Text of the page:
5 ingenious instruments changing everything for musicians with disabilities

© Emile Holba/ Drake Music
From Mi.Mu Gloves to The Magic Flute, check out some of the most innovative technology being developed for disabled musicians.
Written by Bella ToddPublished on
Django Reinhardt created a new style of jazz guitar after damaging two fingers in a fire. Tony Iommi invented heavy metal after losing his fingertips in a factory accident. Percussionist Evelyn Glennie, who lost her hearing in childhood, has taught us how to listen to music with every part of our body – not just our ears. Disabled musicians have often helped push music forward, approaching their instruments in new and exciting ways.
Now, technology is enabling the creation of brand new instruments to suit musicians' particular needs and skills, with organisations such as Drake Music and OpenUp Music leading the way. Here are five specially designed instruments that are helping disabled musicians make sonic leaps.

1. Mi.Mu Gloves

Music instrument as wearable tech, these gloves were originally developed at the instigation of Grammy winner Imogen Heap, who wanted a more expressive way to use music technology on stage. She had the idea for a musical device controlled by hand gestures – gloves that would allow artists creative freedom and musical complexity.
In 2015, Heap, who was excited about the opportunities the gloves might offer disabled musicians, put out a call for contributors. Drake Music, an organisation using new technologies to open up access to music, put Mi.Mu in touch with singer-songwriter Kris Halpin, whose cerebral palsy was preventing him from playing guitar and piano.
After testing the full potential of the technology, the gloves have, Halpin finds, allowed him to conjure music from thin air during live performances. Ariana Grande even got her hands on a pair for her 2015 world tour.

2. Clarion

An instrument that adapts to the musician, rather than the other way around, OpenUp Music's Clarion can be played independently with any part of the body, even the eyes.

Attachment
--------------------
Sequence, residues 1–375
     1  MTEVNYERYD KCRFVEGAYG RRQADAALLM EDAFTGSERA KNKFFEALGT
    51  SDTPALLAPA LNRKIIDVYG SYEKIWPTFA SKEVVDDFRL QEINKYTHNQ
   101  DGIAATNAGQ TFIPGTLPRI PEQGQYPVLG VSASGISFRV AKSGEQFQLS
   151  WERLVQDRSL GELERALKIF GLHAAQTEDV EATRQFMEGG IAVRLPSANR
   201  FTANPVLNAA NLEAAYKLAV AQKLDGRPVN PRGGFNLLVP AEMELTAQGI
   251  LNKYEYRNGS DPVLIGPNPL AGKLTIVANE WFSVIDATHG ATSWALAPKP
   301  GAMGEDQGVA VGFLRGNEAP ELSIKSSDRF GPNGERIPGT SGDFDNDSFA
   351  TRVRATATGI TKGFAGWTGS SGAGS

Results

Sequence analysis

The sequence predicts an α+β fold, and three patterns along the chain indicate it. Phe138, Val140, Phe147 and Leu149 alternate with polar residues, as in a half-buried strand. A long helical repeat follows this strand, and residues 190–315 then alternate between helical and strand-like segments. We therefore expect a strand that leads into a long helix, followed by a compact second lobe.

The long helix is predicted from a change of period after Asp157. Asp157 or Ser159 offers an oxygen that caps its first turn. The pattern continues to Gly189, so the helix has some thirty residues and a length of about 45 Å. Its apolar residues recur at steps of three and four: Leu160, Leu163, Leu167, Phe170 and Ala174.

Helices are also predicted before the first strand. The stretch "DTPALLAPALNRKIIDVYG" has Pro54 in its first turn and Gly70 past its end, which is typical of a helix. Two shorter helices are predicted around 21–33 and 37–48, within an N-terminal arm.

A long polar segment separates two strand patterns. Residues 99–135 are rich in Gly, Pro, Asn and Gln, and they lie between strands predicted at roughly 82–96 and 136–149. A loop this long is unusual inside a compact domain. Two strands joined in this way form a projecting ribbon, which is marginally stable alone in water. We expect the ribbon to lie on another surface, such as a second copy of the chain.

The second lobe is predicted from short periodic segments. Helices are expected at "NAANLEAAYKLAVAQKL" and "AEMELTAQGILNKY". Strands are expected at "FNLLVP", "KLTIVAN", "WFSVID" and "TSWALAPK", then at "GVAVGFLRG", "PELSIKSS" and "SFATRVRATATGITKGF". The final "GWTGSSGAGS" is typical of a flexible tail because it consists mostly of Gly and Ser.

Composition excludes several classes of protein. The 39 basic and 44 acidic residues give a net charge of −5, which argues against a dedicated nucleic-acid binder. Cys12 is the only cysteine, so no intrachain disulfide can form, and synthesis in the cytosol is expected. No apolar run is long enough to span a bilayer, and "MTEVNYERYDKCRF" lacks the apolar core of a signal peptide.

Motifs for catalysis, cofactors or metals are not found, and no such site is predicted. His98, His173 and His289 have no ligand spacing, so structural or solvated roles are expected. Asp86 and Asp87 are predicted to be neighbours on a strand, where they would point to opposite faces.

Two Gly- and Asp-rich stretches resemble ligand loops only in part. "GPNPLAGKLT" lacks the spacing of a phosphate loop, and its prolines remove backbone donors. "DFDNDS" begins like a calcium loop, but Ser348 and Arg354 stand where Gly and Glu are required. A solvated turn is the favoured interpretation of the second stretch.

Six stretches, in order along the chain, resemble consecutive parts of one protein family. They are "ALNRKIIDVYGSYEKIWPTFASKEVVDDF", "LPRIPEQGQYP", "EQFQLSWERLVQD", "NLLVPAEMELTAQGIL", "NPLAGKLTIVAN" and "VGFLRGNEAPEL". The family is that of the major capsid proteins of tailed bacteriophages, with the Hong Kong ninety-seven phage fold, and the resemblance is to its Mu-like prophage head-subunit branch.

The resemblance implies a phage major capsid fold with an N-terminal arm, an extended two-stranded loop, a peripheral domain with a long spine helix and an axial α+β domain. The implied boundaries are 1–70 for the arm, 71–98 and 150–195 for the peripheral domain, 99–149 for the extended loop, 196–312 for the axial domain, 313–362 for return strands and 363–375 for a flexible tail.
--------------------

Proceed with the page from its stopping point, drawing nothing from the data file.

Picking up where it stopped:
Running on iPad and Windows, it allows the musician to control everything from the sound it makes to the number of notes it can play – and the way in which they're played. It’s been described as the first music technology that actually feels like an instrument.
Now used in many ‘Open’ orchestras, it allows musicians to play an infinite number of instruments.

3. Jamboxx

Inspired by the harmonica, the Jamboxx is a hands-free, breath-powered instrument that can be used by disabled musicians, or anyone who already has their hands full. Kind of a 21st-century update on the one-man band.
It works by registering breath blown in to the mouthpiece. Moving this from side to side changes the note. You can vary the effect with the velocity of breath, and can even bend notes.

4. The Magic Flute

The best-named instrument on this list is an electronic wind instrument that you can play without using your hands.
The Magic Flute is mounted on a tripod and can move up and down with the musician’s head, which controls the notes. A control module with integrated display lets musicians change the scale and choose from 128 different sounds, from flute to screaming guitar.
The Magic Flute has been praised for allowing the "flautist" to play expressively – something not all electronic instruments achieve – and there is now sheet music specifically for it.

5. Komplete Kontrol

This keyboard range from music production hardware and software innovators Native Instruments allows blind and visually impaired musicians to produce and compose in a manner that’s been hailed as more than game-changing.
Touch-sensitive rotary encoders detect the player’s fingers resting on the keyboard buttons, and the auditory feedback function allows them to browse and tweak sounds without having to involve a sighted person. As pianist Kevin Kern has put it, “the creative possibilities can’t be overstated here”.